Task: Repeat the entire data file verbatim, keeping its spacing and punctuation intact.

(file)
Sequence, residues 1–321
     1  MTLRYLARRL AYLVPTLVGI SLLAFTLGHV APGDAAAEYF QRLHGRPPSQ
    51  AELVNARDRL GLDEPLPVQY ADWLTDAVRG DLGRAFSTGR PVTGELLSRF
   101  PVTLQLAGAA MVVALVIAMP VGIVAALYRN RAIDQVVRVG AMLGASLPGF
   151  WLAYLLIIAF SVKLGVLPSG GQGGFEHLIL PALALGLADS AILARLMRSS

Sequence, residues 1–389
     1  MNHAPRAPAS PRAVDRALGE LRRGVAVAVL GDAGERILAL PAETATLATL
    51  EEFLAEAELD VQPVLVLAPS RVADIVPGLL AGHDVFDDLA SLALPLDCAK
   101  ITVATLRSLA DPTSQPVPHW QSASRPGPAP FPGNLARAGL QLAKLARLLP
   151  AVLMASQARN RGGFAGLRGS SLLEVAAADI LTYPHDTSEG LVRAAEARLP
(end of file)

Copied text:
Sequence, residues 1–321
     1  MTLRYLARRL AYLVPTLVGI SLLAFTLGHV APGDAAAEYF QRLHGRPPSQ
    51  AELVNARDRL GLDEPLPVQY ADWLTDAVRG DLGRAFSTGR PVTGELLSRF
   101  PVTLQLAGAA MVVALVIAMP VGIVAALYRN RAIDQVVRVG AMLGASLPGF
   151  WLAYLLIIAF SVKLGVLPSG GQGGFEHLIL PALALGLADS AILARLMRSS

Sequence, residues 1–389
     1  MNHAPRAPAS PRAVDRALGE LRRGVAVAVL GDAGERILAL PAETATLATL
    51  EEFLAEAELD VQPVLVLAPS RVADIVPGLL AGHDVFDDLA SLALPLDCAK
   101  ITVATLRSLA DPTSQPVPHW QSASRPGPAP FPGNLARAGL QLAKLARLLP
   151  AVLMASQARN RGGFAGLRGS SLLEVAAADI LTYPHDTSEG LVRAAEARLP